PRIME Minister Narendra Modi's Cabinet on June 15 approved the takeover by State Bank of India of several subsidiaries, a government source was quoted as telling PTI. This is a first move to consolidate the country's struggling public sector banks.
According to earlier proposal, the largest lender was due...to take over five units plus state-run Bharatiya Mahila Bank. The latter was formed for women in 2013.
SBI has five associate banks — State Bank of Bikaner and Jaipur, State Bank of Travancore, State Bank of Patiala, State Bank of Mysore and State Bank of Hyderabad.
The merged entity will create a banking establishment, which can compete with the largest in the world with an asset base of almost Rs 37 lakh crore, with 22,500 branches and 58,000 ATMs as on December 2015.
SBI alone has close to 16,500 branches, including 198 foreign offices spread across 36 countries.
“The merger of SBI and its associate banks is a win-win for both. While the network of SBI would stand to increase, its reach would multiply. One can expect efficiencies to be created from rationalization of branches, common treasury pooling and proper deployment of a large skilled resource base. Currently, no Indian bank features in the top 50 banks of the world. With this merger, some visibility at global level is likely to increase. Customers of associates and subsidiaries of the Bank will also be beneficiaries. Any introduction of new technology by SBI would simultaneously be available uniformly. The scale of operations and common cost would get rationalized. Overall, the synergies being pooled at one place are going to be a big positive,” said Arundhati Bhattacharya, chairman, SBI.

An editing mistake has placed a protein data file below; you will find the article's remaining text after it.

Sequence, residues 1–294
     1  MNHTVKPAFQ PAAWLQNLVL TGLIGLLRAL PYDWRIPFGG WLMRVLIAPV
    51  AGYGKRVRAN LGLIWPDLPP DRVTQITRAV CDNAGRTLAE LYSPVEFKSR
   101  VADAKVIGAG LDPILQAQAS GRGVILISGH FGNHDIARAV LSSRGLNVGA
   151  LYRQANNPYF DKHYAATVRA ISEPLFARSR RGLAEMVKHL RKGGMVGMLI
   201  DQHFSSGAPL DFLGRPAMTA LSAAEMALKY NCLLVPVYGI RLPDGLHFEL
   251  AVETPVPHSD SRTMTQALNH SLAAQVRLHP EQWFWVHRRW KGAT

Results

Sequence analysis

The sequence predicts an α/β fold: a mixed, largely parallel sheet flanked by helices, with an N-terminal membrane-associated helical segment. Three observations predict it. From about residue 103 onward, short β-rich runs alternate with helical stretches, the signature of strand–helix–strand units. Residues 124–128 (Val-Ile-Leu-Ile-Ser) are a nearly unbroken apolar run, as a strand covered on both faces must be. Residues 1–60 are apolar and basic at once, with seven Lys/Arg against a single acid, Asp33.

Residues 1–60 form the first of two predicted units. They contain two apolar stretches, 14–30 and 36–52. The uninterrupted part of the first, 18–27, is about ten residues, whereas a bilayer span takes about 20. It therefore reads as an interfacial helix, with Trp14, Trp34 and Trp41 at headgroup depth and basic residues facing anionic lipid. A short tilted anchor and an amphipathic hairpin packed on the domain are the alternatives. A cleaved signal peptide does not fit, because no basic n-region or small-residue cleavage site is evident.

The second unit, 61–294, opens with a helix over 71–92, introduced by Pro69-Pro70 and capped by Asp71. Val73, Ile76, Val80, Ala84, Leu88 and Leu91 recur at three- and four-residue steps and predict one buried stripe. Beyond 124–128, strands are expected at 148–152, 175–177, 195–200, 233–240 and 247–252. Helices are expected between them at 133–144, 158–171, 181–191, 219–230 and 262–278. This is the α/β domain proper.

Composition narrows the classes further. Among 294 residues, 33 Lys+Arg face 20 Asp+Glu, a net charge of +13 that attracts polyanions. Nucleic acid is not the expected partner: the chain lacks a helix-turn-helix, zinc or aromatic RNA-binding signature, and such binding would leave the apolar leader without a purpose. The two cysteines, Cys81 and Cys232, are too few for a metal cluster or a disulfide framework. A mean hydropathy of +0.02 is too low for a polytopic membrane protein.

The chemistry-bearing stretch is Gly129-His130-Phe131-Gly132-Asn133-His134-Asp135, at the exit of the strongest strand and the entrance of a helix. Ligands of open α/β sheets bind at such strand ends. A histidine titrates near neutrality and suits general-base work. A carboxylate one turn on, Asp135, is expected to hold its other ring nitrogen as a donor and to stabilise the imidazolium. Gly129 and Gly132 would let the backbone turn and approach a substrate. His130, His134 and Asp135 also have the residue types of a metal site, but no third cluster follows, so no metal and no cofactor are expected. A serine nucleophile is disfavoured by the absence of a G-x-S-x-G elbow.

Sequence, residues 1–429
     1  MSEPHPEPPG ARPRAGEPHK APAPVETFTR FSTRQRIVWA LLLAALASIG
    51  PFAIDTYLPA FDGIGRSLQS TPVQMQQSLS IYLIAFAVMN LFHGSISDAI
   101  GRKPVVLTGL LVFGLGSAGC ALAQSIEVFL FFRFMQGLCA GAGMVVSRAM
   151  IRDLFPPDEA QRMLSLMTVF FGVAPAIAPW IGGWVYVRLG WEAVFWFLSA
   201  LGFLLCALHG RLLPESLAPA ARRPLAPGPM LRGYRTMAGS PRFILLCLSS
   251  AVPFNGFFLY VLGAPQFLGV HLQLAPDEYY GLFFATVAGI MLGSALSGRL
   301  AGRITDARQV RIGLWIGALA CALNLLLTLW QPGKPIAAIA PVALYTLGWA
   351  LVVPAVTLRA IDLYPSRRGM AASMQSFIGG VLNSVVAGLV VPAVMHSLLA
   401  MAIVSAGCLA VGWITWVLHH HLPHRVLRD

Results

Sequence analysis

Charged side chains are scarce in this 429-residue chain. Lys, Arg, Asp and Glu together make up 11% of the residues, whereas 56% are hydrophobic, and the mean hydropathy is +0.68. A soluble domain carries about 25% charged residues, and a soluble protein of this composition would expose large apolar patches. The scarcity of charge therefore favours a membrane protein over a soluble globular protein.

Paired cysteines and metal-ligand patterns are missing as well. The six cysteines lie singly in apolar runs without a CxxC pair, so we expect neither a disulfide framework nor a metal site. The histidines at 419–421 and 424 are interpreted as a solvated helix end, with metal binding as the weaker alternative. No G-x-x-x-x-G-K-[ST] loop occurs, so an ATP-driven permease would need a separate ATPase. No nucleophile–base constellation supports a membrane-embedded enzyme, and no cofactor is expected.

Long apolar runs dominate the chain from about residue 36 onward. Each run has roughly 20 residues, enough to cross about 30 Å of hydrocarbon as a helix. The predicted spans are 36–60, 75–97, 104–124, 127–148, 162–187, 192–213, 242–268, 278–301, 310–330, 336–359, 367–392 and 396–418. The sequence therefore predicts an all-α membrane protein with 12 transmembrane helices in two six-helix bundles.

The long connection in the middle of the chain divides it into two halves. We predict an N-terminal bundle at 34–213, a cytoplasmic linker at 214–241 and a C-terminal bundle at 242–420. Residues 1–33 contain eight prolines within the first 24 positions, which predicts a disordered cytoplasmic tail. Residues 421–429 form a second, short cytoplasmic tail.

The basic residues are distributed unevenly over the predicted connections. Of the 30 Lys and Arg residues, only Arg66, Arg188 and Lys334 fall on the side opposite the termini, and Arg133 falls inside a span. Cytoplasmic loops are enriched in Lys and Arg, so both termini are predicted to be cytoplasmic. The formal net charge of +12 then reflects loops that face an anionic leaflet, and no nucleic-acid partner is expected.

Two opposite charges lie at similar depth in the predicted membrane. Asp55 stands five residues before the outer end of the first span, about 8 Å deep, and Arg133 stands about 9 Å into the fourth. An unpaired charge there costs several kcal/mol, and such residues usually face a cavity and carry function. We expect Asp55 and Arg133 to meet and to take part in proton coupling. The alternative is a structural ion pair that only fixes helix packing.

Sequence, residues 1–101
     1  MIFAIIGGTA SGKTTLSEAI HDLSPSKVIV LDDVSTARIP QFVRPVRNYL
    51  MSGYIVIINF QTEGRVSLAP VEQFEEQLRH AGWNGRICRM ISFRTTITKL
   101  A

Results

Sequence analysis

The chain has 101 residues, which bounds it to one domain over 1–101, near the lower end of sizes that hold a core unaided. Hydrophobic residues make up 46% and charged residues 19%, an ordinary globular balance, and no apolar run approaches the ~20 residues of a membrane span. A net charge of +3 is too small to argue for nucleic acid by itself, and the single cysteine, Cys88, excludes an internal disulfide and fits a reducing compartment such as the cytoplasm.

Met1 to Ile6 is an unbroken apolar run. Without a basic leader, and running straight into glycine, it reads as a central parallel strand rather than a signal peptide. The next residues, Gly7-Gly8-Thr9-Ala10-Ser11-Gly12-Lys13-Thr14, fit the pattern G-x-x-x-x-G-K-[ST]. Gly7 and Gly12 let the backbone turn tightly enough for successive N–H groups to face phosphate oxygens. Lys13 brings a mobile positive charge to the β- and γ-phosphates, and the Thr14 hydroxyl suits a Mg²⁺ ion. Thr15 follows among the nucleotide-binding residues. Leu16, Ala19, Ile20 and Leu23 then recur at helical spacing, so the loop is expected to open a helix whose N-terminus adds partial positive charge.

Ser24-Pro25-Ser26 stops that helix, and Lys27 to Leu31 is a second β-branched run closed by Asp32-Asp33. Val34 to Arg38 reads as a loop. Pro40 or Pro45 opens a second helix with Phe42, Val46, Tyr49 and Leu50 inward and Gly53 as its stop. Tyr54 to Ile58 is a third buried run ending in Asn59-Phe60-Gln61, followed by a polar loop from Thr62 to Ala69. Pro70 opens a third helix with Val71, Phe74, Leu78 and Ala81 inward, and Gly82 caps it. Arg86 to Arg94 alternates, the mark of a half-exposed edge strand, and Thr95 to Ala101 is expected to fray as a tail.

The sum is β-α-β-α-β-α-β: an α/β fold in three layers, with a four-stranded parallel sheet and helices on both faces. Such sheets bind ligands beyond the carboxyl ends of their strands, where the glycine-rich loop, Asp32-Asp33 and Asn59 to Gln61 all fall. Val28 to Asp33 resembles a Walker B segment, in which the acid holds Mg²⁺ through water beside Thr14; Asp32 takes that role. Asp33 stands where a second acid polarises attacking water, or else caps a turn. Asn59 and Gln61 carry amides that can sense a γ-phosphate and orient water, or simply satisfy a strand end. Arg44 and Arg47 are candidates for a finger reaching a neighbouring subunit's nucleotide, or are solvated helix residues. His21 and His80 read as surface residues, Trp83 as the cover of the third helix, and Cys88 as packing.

SBI first merged State Bank of Saurashtra with itself in 2008. Two years later, State Bank of Indore was merged. SBI has maintained since then that it would merge the others as well but none of its initiatives fructified due to lack of capital — which was pegged at least Rs 2,000 crore for each bank — and stiff opposition from the employee unions.
Last month, Minister of State for Finance, Jayant Sinha, had said, "We have 27 public sector banks right now. When the dust settles, I think we will have, may be, 8-10 very competitive banks. Some of them are going to be large scale global players, while some are going to be differentiated banks."